There’s a whole line of argument as to whether the banks and traders who got conned deserved what has happened to them.   Did they get greedy?   Did they have proper due diligence processes in place, and were those processes used?

Whatever one’s view on that, there’s no doubt that those banks and others who avoided getting caught will now retightening their systems to avoid a future occurrence.

It has been reported that 300,000t of alumina, 80,000t of aluminium and 20,000t of copper were involved.   Although the actual material has a value of roughly $300 million, the losses are likely to be 10 times that amount.   With at least 18 banks involved, it suggests these parcels of material were presented as collateral multiple times.

The ripple effect extends even further.    The Industrial and Commercial Bank of China (ICBC) has now applied to a court for the right to not honour a Letter of Credit (LC).   LC’s are at the heart of commodity trading.   They are relatively safe, not too expensive (usually about 1% of the transaction), and readily convertible. But it seems that trading of LC’s has also been part of the Qing Dao story, where the LC’s value can be recycled several times within the life of the LC.   The effect of being caught is that banks are now also slowing the LC issuance process, and now also (legally) defaulting on payment of the LC.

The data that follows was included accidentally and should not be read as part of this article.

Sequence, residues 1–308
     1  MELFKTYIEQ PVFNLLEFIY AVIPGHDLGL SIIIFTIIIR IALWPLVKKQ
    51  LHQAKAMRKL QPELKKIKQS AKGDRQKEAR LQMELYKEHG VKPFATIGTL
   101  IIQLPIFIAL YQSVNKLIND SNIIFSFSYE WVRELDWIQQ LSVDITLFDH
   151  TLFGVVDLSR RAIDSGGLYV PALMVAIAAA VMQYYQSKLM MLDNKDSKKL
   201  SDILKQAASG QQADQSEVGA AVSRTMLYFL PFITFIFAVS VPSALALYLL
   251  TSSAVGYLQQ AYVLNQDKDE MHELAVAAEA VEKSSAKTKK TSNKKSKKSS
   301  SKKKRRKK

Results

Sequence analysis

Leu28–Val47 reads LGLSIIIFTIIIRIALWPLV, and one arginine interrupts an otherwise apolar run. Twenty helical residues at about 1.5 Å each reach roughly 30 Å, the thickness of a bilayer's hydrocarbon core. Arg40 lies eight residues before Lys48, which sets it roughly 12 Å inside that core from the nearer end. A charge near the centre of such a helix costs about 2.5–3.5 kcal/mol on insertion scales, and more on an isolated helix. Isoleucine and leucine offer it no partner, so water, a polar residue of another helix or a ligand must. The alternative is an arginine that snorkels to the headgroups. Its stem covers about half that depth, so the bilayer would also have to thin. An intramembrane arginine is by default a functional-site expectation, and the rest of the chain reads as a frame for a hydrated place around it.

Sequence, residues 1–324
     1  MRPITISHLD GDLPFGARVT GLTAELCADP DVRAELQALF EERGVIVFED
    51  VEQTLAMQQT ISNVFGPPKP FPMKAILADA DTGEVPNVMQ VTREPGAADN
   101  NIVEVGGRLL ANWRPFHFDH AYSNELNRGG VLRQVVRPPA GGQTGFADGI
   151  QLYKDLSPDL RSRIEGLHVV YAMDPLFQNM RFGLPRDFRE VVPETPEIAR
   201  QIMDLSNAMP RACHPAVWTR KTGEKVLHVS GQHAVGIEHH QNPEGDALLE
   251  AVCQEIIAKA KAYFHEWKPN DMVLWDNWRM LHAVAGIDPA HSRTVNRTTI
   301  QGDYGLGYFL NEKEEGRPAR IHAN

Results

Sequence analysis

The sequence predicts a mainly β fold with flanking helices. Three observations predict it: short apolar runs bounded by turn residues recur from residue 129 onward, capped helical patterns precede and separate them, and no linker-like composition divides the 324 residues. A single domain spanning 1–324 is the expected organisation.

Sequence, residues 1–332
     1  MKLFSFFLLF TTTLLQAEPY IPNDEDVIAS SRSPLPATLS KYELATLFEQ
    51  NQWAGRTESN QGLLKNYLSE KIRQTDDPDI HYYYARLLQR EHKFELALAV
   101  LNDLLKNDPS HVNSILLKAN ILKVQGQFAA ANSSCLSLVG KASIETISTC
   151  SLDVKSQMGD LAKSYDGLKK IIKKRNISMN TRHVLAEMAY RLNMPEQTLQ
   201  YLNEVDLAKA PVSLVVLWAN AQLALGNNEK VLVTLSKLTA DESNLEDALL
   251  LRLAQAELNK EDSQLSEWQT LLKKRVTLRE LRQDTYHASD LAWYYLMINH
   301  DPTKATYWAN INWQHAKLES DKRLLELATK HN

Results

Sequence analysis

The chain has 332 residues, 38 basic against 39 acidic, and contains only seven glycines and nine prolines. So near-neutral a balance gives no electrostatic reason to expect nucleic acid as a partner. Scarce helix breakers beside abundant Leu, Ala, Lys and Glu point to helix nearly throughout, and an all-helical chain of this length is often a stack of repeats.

This will impact all commodities, from metals to maize.   It will also have some impact on the availability of credit within China.   Credit remains the single most important “asset” that companies can attain, and credit has fuelled China’s economic growth for years.   Perhaps players will find new means of obtaining credit and playing the system, but meantime, the screws just got turned a little more on China’s economy, thanks to one or two rogue players in a small city.


Where’s Heisenberg when you need him?

Written by Paul Adkins

Today China announced that Q2 economic growth came in at 7.5% year-on-year.

There are two possible responses to this announcement.   Some will look forward to increasing demand for iron ore, coal, copper – generally speaking a return to the paradigm that has been in place for so long.   Others will look back and cast a more critical view of this number.   In a sense, both positions are right.

Those who care to look more closely will find it hard to verify such a strong result.   The pillars of GDP growth are simply not there.   Property sales and construction growth have slowed. International trade is still not back to full health. Domestic consumption is not at the levels that the government hoped for.   But the Communist Party says it is achieving what it set out to achieve, so who are we to question the result.